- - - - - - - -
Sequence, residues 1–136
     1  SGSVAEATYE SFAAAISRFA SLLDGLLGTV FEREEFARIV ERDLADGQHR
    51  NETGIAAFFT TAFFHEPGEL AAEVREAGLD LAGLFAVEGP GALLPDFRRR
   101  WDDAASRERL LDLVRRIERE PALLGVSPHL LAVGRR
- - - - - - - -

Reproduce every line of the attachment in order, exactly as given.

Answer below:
Sequence, residues 1–136
     1  SGSVAEATYE SFAAAISRFA SLLDGLLGTV FEREEFARIV ERDLADGQHR
    51  NETGIAAFFT TAFFHEPGEL AAEVREAGLD LAGLFAVEGP GALLPDFRRR
   101  WDDAASRERL LDLVRRIERE PALLGVSPHL LAVGRR